Mar 1, 2017


More Light on What Unites

In my last update, I shared a glimpse into our latest report, "The Fix We're In," that offers insight into the current, difficult public mood. Importantly, the report reveals a surprising amount of hidden common ground beneath our more obvious divisions.
Many Americans, across region, political party, age and race, believe they and their communities face diminishing opportunity to better their lots because of a political system in which they have no voice or influence. But despite their deep frustrations, once people got talking, they tended to agree on a number of ideas they think might improve things.
While the existence of under-the-radar common ground is encouraging, it will take better public conversation to make it explicit in society and transform it into an agenda for change that addresses the problems our nation must work through to build a better future.

How can we create the kind of public conversation among diverse Americans that brings to light the ideas that unite us without ignoring the real differences we need to navigate? That, to us, is an essential challenge of the period ahead.
While we don't claim to have all the answers, our research offers important clues. I encourage you to look at our full report to not only learn more about the complexities of how people think about inequality and opportunity in America, but for some insights into how we can find more agreement on solutions to alleviate poverty, create economic opportunity and strengthen democracy. 


Will's headshot  

Will Friedman

New from Public Agenda

Our teams have been busy this month hosting engagement workshops and leading discussions at higher ed conferences. Alison Kadlec, along with Josh Wyner of the Aspen Institute, wrote an article for Inside Higher Ed about the responsibility institutions have to improve transfer rates and ways to do it. Corporate Wellness Magazine cited a finding from research on price transparency, which we'll be releasing a follow-up to this April. The stat is that 57 percent of insured Americans do not think there is a cost difference among in-network doctors for the same services -- which is not the current reality.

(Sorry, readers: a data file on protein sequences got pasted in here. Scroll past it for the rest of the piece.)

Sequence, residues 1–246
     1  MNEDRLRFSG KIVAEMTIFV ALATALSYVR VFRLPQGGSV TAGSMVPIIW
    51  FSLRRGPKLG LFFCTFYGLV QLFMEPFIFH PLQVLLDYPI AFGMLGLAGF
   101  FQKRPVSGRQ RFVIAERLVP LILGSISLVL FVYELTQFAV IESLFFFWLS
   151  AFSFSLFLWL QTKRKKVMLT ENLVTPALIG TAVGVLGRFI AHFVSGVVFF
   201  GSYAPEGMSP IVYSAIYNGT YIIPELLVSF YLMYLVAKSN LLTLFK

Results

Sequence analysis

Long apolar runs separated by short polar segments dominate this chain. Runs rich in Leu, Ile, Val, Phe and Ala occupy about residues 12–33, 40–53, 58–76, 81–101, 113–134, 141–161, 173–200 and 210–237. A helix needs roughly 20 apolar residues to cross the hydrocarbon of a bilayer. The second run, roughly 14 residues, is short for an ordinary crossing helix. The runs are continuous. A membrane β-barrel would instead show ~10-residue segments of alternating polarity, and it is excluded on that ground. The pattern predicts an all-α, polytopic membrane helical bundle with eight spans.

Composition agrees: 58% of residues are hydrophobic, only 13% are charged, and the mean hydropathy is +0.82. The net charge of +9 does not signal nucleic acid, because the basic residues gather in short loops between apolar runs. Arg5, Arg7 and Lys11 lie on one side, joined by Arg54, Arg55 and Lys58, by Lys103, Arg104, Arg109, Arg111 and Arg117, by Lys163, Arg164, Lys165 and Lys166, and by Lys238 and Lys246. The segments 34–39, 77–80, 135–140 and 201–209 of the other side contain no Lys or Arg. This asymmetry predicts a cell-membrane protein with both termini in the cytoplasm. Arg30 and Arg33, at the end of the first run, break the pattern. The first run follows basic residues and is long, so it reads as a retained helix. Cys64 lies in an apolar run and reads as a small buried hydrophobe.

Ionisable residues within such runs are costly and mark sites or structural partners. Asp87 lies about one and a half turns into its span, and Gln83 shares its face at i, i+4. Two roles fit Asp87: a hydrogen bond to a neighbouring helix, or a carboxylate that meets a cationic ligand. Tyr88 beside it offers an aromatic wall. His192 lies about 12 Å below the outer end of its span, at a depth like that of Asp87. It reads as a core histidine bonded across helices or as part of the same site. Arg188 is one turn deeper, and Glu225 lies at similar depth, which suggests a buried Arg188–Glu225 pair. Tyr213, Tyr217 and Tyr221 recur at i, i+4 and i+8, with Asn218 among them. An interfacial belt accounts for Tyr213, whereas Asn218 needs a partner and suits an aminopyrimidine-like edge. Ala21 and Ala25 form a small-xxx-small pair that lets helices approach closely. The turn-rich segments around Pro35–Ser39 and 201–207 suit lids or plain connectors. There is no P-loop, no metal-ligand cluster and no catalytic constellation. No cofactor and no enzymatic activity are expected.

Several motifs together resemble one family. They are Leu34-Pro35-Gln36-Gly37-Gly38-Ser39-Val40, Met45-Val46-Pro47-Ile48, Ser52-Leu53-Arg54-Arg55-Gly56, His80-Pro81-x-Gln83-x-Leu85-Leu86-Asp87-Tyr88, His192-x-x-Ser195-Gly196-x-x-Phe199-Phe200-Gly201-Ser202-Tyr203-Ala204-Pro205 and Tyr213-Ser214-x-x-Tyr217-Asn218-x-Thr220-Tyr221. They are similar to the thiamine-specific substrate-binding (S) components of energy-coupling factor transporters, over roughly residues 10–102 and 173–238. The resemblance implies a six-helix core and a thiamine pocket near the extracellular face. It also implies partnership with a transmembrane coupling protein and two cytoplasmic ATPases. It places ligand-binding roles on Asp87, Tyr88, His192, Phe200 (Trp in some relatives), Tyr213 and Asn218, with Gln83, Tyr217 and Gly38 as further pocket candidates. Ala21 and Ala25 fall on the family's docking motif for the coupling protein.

The Fix We're In: What Americans Have to Say About Opportunity, Inequality and the System They Feel Is Failing Them
Read about conversations we held with folks from small and large cities, including San Diego, Cincinnati, the greater metro area of New York and numerous points in between.

Success Is What Counts: A Community College Guide to Community Engagement & Strategic Partnerships
This guide outlines principles of effective engagement, and provide tools and resources to support effective broad-based community engagement practices. 

This report summarizes data from 61 PB processes around the U.S. and Canada. It includes recommendations from people leading and evaluating PB on the ground, to help others diversify participation, advocate for PB from the grassroots level and incorporate technology in an equitable way.

This white paper examines the extent to which PB employs deliberative principles and processes, explores the challenges in making PB more deliberative and provides recommendations for public officials and practitioners looking to improve their PB processes.

PB in the U.S. and Canada differs in many ways from PB in Brazil, where it has had many social impacts. This white paper explores these differences and how they may affect PB's impact in North America. It also provides a series of practical recommendations for practitioners and policymakers to strengthen PB's ability to reduce inequality.

From the Blog

Last week at DREAM 2017, the annual conference organized by Achieving the Dream (AtD), nearly 2,300 attendees came together to tackle the challenges of increasing student success. 

Chloe Rinehart writes on what she observed during focus groups and in follow-up interviews for a the study on how American's think and talk about issues like inequality and opportunity.

Good Governance Through Better Engagement Strategy


Public Agenda helps build a democracy that works for everyone. By elevating a diversity of voices, forging common ground, and improving dialogue and collaboration among leaders and communities, Public Agenda fuels progress on critical issues, including education, health care and community engagement. Founded in 1975, Public Agenda is a nonpartisan, nonprofit organization based in New York City. Find Public Agenda online at, on Facebook at and on Twitter at @PublicAgenda.

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